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Hoke Says Harder Hits, Playing Through Whistle Are Part Of Big MSU Rivalry Game

DETROIT (CBS Detroit) Speaking live on the Stoney, Bill and Sara morning show on 97.1 The Ticket Thursday, University of Michigan coach Brady Hoke had to get one thing out of the way fast.

Can he guarantee his team won't give up 47 points in the much-anticipated rivalry game against arch-rival Michigan State this weekend, like they did against Indiana?

"Yeah, that's something that we're not very proud of," Hoke said, adding there's a lot of pride on the part of players and coaches and "if we give up 47 it's obviously going to be a very long day for us."

Michigan tailback Fitz Toussaint pulled out the 'Little Brother' card again this week when answering a question about whether the U-M-vs. MSU rivalry is nastier than the Ohio State vs. Michigan game.

Toussaint said this: "I believe it. We labeled them as a little brother. And, you know the little brother always want to prove themselves and try to beat up the big brother one day. I think they really take offense to that."

What was Hoke's reaction? "My first reaction was, 'I think we have a great respect for their football team, and their kids who play and all that stuff. I can tell you we've got a great challenge on Saturday. But once the ball's kicked off, any of those comments or remarks don't mean a thing."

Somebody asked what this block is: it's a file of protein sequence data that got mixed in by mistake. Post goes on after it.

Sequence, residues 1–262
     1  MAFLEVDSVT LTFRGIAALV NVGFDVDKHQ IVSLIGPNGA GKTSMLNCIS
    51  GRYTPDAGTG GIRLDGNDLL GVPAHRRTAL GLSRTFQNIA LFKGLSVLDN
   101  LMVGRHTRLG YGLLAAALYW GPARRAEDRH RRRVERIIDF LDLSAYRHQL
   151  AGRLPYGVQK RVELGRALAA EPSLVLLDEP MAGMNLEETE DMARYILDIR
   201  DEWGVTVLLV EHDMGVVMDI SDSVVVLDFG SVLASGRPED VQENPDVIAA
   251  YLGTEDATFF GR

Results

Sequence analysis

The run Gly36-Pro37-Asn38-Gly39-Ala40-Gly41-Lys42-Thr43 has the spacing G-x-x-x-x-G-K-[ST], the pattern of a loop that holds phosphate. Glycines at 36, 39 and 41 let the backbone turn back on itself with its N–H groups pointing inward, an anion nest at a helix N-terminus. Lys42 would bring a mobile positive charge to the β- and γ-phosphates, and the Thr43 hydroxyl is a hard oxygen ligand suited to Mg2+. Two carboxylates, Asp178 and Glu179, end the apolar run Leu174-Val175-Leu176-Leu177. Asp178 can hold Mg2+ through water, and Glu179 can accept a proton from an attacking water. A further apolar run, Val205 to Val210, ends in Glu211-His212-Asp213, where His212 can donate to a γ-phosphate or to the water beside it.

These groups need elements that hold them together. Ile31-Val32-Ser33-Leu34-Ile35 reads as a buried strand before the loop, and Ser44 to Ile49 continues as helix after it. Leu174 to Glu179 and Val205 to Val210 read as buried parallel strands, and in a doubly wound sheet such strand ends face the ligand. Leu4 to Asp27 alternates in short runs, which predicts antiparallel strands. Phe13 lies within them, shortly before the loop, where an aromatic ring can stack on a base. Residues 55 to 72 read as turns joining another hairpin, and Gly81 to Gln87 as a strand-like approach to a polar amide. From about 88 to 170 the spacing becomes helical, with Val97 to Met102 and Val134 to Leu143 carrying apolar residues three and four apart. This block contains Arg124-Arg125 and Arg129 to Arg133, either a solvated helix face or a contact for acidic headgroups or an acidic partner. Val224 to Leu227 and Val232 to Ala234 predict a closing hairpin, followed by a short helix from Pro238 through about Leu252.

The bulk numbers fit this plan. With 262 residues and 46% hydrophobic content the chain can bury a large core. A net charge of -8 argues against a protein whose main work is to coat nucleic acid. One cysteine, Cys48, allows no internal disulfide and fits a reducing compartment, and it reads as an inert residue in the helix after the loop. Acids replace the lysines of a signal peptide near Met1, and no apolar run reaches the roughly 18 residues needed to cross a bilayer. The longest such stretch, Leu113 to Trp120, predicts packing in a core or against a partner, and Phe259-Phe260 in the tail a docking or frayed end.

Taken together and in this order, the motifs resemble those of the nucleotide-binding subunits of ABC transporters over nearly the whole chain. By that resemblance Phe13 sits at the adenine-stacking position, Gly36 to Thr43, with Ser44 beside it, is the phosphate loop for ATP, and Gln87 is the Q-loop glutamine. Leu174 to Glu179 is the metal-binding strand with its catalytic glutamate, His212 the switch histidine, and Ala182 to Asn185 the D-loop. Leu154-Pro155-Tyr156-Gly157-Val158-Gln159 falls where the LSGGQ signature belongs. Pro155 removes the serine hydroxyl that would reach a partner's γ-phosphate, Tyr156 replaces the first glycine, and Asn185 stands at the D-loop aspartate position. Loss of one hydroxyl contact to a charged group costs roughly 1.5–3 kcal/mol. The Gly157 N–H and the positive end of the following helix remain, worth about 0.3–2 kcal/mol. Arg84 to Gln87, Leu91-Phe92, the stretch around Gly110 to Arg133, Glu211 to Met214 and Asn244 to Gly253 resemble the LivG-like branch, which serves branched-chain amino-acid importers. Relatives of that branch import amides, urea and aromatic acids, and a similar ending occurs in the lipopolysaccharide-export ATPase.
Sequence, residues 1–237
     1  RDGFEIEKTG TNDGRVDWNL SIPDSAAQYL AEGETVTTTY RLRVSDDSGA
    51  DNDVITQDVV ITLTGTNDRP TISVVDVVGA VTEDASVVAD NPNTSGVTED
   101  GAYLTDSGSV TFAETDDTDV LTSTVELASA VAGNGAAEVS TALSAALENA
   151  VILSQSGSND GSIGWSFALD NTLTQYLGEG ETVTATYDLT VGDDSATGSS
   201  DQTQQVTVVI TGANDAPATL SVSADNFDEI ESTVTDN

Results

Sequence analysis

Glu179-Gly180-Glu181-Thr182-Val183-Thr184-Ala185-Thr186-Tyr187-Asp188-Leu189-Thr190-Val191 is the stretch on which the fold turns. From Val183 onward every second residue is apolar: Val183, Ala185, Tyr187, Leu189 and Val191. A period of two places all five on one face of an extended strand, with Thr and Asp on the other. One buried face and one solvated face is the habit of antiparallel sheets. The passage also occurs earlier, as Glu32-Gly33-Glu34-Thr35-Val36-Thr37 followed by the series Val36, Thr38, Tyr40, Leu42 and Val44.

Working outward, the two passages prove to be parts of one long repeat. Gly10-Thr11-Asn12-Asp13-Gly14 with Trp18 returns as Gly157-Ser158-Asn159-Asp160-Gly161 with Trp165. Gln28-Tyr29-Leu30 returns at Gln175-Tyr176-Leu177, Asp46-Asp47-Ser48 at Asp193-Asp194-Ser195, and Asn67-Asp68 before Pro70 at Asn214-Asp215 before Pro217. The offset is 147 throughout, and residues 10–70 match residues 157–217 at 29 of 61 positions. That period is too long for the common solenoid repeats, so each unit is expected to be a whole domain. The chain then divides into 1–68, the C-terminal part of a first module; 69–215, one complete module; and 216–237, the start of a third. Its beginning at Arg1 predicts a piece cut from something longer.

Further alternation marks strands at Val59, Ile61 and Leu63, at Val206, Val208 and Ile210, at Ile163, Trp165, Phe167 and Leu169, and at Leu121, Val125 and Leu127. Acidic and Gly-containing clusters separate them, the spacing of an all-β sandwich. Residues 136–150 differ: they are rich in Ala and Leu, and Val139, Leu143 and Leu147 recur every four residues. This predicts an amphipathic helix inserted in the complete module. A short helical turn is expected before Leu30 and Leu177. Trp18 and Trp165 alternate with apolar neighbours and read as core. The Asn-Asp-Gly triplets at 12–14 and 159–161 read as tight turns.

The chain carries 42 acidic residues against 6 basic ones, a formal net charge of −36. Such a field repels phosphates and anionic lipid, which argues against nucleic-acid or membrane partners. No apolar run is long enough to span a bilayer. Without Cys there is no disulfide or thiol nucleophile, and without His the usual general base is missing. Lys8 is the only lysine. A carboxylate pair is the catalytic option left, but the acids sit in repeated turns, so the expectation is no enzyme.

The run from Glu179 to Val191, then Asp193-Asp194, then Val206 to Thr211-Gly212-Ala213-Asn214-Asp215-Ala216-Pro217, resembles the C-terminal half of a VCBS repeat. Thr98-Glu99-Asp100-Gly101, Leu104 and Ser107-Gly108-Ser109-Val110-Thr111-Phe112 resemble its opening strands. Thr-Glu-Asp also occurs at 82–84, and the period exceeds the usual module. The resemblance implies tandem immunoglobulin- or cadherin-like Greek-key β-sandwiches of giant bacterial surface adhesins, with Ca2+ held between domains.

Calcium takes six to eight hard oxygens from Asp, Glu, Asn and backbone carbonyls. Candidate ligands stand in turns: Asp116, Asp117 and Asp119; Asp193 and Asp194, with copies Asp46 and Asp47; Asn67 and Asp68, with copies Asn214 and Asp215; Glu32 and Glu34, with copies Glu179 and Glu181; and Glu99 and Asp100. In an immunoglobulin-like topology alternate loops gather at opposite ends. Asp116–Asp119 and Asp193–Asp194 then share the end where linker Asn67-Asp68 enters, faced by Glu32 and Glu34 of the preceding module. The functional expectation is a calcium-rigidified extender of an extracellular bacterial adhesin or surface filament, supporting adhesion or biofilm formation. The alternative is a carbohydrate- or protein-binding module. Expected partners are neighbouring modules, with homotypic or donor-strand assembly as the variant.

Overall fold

Will the big rivalry bring something extra special to college football fans?

"All rivalry games, there's always a little extra that goes on," Hoke said, adding "There's that little harder hit and playing through the whistle and all those things are part of a rivalry game."

Former U-M coach Bo Schembechler said the MSU rivalry game was always the most physical of all. Does Hoke agree?

"I tried to remember the eight years I was here and I think, in my experience, both those games are very physical wars, you're going to a street fight, you know that, whether you're playing in East Lansing, Columbus or Ann Arbor, you've got to be ready to play your best," he said.

Michigan's Blake Countess described the hostile environment he faced in East Lansing to the media Wednesday, saying "From rowdy fans to people throwing stuff (at the bus), it was just a hostile environment."

Is it true? Hoke seems to think so -- and he doesn't think it's that big a deal.

"That happens, it's a 3:30 game, just think if it was an 8 o'clock game," he said. "People are passionate, people love their universities and that's what makes college football special in our opinion. It's fun."

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